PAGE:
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I am also a person that does very poorly "on the spot" but I can manage to get by when necessary. In some discussion groups, I really dislike it when there is no moderation of who speaks, so it's basically whoever can talk over others, or whoever can say something first gets credit for the idea or credit for "participating". It is really tough on students like me who take time to think more deeply about the topic and need a bit of time to craft a response. 

I really prefer discussion groups where the question is posed and everyone is asked to spend 1-2 minutes thinking about it before asking for contributions. It's even better when there is a moderator to ensure a small group of extroverted or less-shy students do not dominate the conversation. Good science and thought should not be about who can speak the quickest or the loudest or with the most confidence!

Unfortunately, it's not really practical to expect a student can change how an advisor runs their group. This is the type of thing I would classify under "advisor fit". Depending on how well you get along with your advisor otherwise, you could consider telling him that you are not able to perform optimally when put on the spot like this. But if he is not a person that different people might have different needs/abilities, then it might not be helpful to you.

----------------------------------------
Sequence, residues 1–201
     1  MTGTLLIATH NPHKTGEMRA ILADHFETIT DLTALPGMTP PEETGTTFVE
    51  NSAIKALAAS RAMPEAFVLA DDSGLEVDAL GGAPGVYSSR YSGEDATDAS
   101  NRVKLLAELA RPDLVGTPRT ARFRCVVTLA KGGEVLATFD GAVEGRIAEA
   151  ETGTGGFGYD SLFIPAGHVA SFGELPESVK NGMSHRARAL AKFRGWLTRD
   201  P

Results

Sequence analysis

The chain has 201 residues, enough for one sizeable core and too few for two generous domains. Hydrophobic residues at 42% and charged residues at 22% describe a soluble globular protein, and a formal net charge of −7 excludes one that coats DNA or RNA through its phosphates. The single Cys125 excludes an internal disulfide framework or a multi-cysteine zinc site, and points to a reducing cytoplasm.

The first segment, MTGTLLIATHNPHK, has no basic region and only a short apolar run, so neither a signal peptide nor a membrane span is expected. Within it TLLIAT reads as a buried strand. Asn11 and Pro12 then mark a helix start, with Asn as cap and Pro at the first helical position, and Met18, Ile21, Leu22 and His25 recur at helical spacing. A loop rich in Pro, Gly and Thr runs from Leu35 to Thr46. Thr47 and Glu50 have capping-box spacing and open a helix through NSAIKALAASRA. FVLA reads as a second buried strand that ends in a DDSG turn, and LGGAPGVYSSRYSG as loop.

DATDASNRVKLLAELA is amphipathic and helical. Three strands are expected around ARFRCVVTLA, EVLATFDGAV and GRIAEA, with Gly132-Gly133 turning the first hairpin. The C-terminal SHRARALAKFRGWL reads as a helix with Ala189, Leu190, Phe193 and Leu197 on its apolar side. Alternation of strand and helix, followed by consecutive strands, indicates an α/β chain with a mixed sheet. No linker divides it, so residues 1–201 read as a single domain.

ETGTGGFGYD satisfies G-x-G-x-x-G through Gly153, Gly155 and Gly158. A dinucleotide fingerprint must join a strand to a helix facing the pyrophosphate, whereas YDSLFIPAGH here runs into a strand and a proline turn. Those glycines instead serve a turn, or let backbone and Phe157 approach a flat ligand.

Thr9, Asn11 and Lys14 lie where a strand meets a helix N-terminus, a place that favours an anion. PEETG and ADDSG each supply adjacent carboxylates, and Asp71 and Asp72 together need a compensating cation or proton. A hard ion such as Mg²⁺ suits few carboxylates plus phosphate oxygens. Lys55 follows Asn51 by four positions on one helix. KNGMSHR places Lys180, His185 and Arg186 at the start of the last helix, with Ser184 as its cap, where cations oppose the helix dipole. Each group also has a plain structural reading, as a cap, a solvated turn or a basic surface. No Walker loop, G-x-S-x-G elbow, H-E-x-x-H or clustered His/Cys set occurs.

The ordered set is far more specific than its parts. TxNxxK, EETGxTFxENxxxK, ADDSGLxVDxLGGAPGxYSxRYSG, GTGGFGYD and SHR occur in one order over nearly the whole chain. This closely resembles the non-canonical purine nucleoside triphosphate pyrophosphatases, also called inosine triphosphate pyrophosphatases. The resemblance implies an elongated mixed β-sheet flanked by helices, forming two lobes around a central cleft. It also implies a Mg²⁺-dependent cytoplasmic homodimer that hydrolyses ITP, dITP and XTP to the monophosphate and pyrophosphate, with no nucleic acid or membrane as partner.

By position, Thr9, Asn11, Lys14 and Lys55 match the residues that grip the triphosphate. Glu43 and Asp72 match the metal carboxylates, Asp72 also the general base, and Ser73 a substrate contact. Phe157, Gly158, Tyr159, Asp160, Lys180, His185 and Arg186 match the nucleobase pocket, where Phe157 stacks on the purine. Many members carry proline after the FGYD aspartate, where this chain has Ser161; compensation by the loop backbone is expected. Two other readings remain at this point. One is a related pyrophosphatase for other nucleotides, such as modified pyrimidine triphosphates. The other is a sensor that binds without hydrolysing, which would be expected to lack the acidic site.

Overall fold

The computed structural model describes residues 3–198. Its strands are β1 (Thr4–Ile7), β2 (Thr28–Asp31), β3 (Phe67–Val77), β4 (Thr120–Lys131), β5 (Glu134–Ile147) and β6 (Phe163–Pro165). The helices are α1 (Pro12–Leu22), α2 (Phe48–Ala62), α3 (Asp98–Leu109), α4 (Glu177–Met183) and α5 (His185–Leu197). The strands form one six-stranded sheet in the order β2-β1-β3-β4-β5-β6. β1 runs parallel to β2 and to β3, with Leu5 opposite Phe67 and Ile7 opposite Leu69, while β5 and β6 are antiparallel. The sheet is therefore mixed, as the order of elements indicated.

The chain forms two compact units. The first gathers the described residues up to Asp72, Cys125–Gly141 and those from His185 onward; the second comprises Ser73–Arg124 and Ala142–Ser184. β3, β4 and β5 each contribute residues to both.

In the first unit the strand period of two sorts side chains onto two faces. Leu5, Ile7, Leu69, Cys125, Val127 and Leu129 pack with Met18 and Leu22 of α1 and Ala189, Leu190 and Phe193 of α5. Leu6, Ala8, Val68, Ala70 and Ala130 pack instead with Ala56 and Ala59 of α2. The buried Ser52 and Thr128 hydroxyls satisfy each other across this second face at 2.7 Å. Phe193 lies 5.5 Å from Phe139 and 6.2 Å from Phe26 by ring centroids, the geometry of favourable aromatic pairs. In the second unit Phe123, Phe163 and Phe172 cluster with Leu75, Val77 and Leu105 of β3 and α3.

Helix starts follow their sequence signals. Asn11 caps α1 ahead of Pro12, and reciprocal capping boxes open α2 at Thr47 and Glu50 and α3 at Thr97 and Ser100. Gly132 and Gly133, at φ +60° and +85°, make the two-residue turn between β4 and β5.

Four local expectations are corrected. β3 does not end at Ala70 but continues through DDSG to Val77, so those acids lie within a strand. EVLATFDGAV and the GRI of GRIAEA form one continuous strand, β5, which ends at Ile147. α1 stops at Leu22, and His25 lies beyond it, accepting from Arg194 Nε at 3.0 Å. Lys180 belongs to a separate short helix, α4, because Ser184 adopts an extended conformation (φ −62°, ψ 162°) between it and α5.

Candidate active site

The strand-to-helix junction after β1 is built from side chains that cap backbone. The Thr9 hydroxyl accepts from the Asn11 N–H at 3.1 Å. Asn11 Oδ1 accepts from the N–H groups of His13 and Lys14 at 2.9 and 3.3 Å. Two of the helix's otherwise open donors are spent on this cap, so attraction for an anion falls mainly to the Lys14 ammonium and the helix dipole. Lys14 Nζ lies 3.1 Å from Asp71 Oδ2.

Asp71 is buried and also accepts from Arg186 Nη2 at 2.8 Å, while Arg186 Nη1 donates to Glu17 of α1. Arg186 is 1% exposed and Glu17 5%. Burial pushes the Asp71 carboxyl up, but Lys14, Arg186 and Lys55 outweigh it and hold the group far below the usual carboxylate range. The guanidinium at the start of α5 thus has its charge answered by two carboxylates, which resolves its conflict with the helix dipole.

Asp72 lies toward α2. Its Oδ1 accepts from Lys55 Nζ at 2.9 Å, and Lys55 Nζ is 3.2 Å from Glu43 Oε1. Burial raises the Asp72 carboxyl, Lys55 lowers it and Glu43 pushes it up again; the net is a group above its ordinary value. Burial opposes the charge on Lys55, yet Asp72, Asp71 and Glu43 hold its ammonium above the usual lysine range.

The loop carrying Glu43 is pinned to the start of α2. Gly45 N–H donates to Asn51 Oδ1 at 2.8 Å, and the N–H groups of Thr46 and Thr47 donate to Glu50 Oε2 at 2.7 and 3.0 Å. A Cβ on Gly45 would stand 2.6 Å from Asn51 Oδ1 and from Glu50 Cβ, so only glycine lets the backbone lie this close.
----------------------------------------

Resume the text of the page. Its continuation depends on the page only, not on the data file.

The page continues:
The good news is that as Eigen and fuzzy both said, with time, you will get better. It took me more than half of my time in grad school to be able to think of questions on the spot and actually ask them at things like seminars or to be actually able to participate in group discussions when it's no moderation (whoever speaks first).

I still struggle with being asked questions on the spot though. One strategy I find that works well for me is that when I am asked a question I'm not even sure what they are getting at, is to ask for clarification. It's okay to ask a question back. Later, when you are more experienced, you can also answer a similar question instead of their question. For example if they ask a bad, unclear (or an unfair) question, you can redirect the topic to something you do know (again with more time, you will know more things). You can say something like, "I'm not certain what you are asking exactly, but if you mean [[rephrase the question into something you know the answer to]] then I think.... " ; usually if it was just a poorly thought-out/bad question, you won't get a followup. If it was a question they actually want an answer to, the followup will clarify more things. In any case, this allows you to actually show that you know things and lets you demonstrate your knowledge / avoid having to blather when you don't even know what the other person is getting at.